Says governors must govern, leaders must lead, workers must work
Recounts challenges in converting once loss-making State-owned Distilleries Corp. to a profitable corporate giant at 25th anniversary ceremony
DCSL has contributed $ 4.6 b in taxes and $ 91 m in dividends since privatisation
Regrets State takeover of DCSL’s investments in Insurance Corp and Pelwatte Sugar
Outspoken business tycoon Harry Jayawardena on Saturday distilled a perfect blend for the future success of Sri Lanka via privatisation of certain loss-making state enterprises that continue to be beset by political interference and mismanagement.
The frank and proven advice was shared at the 25th anniversary celebrations of Distilleries Company of Sri Lanka (DCSL), which Jayawardena acquired as State Distilleries Corporation during the privatisation policy of former president Ranasinghe Premadasa.
DCSL Chairman Jayawardena recalled the pathetic state of Distilleries Corporation 25 years ago. He revealed it was loss-making despite being a monopoly. There was rampant pilferage and politicians were conniving with bootleggers causing the State to lose valuable revenue. Adulteration and duplicates were another challenge.
“There were more canines and cats than workers,” recounted Jayawardena, who faced numerous obstacles at the time of the takeover. Furthermore, due to the then ongoing war, the north and east market was shut out for Distilleries. Jayawardena said that a Northern Province bootlegger at that time built a swimming pool for the forces with an investment of Rs. 100 million and the then Army Commander was the Chief Guest at the opening.
Undeterred, DCSL worked towards securing the northern and eastern markets with heroic efforts by its staff and managers. “Our staff were abducted or harassed because we didn’t agree to pay taxes to the LTTE,” said Jayawardena. In the South, bars, the majority of which were functioning with political patronage, were opposing DCSL too.
He said that the challenge and the goal after the takeover was to ensure genuine quality products and protecting the patents and infringements, cases over which still continue. He also noted that the illegal and unlicensed market continues due to the nexus between bootleggers and politicians.
“The revival of Distilleries Corporation was a herculean task since the biggest enemy was the politicians who had a growing nexus with bootleggers for mutual advantage,” Jayawardena charged.
However, with sound and professional management and by harnessing proper talent, Jayawardena emphasised that DCSL has been successful since privatisation with the support of customers and other stakeholders.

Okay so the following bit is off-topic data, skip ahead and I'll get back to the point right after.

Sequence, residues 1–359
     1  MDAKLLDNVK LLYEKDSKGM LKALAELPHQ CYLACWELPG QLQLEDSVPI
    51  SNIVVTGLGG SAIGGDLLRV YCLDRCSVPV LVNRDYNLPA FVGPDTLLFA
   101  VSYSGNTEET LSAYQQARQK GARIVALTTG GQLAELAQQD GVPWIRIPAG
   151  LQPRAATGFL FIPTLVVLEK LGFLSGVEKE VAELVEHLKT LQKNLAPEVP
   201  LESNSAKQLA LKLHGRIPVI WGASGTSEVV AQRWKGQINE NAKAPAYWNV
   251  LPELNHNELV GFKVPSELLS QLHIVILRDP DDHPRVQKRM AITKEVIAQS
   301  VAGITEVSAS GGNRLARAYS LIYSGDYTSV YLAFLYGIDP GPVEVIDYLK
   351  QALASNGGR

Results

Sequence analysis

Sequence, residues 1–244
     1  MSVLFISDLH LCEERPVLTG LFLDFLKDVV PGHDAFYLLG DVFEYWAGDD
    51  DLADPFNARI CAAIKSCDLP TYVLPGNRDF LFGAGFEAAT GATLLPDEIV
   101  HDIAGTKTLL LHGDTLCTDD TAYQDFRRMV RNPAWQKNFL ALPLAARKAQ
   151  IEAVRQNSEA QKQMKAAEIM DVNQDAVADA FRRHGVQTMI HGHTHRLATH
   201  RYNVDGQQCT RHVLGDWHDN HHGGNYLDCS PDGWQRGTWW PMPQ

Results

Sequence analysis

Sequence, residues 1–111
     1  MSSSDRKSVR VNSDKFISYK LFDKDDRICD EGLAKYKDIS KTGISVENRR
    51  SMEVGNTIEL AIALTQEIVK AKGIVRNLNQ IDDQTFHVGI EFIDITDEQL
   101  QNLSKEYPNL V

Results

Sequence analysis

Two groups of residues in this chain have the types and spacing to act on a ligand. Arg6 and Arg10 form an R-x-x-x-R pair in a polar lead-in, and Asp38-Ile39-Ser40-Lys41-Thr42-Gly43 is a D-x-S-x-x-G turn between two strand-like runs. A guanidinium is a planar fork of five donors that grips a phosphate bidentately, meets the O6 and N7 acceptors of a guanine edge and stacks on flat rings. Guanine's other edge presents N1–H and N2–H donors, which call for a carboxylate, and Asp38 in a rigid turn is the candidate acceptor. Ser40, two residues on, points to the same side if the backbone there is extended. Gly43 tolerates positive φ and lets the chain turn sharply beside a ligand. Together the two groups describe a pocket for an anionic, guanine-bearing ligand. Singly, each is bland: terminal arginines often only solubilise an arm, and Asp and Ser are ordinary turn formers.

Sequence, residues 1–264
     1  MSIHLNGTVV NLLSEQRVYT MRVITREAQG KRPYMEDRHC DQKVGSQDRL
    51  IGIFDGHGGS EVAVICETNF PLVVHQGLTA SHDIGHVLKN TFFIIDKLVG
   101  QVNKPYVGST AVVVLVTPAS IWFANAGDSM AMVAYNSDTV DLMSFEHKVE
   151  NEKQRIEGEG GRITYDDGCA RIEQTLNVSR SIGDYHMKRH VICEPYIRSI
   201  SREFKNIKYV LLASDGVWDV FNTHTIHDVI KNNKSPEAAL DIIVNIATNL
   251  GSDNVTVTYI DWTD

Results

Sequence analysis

He revealed that DCSL has paid $ 4.6 billion (nearly Rs. 700 billion in current value) in taxes to the Government over the past 25 years despite the State owing billions to the company. DCSL has also paid $ 91 million in dividends to shareholders. The privatisation of Distilleries was the largest transaction of the Colombo Stock Exchange in the early 1990s.
He also emphasised that Sri Lanka had talent though it was not recognised and rewarded.
“To turnaround DCSL we didn’t import foreign talent but relied on Sri Lankans at the workers level, managers and Board of Directors,” said Jayawardena. “We have a good workforce which is adequately compensated, motivated and trained. Our master blender has been with DCSL for 50 years and we have a staff of over 70 serving for 30 years. We are on par with the world and we are proud of what Sri Lanka can do,” the Chairman added.
It was also noted that many people wanted to get into the alcohol industry and though there were over 20 alcohol companies none had made profits like DCSL. “We have proved nothing is impossible,” Jayawardena quipped.
For the decade ended in FY16, DCSL’s pre-tax profit was Rs. 8.2 billion as against Rs. 2.8 billion in 2007. Gross turnover grew from Rs. 22.6 billion to Rs. 72 billion. In 2001, Gross Turnover was Rs. 9.7 billion whilst pre-tax profit was Rs. 700 million.
Though DCSL grew to be a listed conglomerate, greater success was thwarted by the takeover of investments in Sri Lanka Insurance Corporation and Pelwatte Sugar Industries Plc.
“The Government still owes DCSL Rs. 15 billion because of the takeover of these investments,” Jayawardena said.
He pointed out that a financially strong DCSL would have become the number one conglomerate had these investments been allowed and not taken over.
“We could have excelled regionally as well. We have to think big to become big,” said Jayawardena, adding that DCSL was a proven example for other privatised enterprises, most of which had either closed down or lost direction due to bad management.
Jayawardena noted that takeovers did not dishearten DCSL but made it strong. During its 25 years, DCSL, which restructured recently to form Melstacorp, had grown into a diversified conglomerate with interests in beverages, plantations, leisure, telecommunications, financial services, power generation, logistics, textiles, media, IT and BPO services
“State monopolies and other state enterprises shouldn’t be loss-making. The problem is political interference and mismanagement,” said Jayawardena.
He recalled that DCSL has had no worker strikes though there could be some rumblings. “We have no trade unions but sound management with discipline paid off at DCSL,” he added. He was of the view that other state enterprises couldn’t do that due to political interference.
“If you take politics out, growth can take place at state enterprises,” emphasised Jayawardena, who said he was saddened by the status quo. “Governors must govern, leaders must lead and workers must work,” Jayawardena stated at DCSL’s 25th anniversary celebrations.
He also told the ceremony that the correct wisdom must be passed on to the next generation if Sri Lanka was to garner even more success.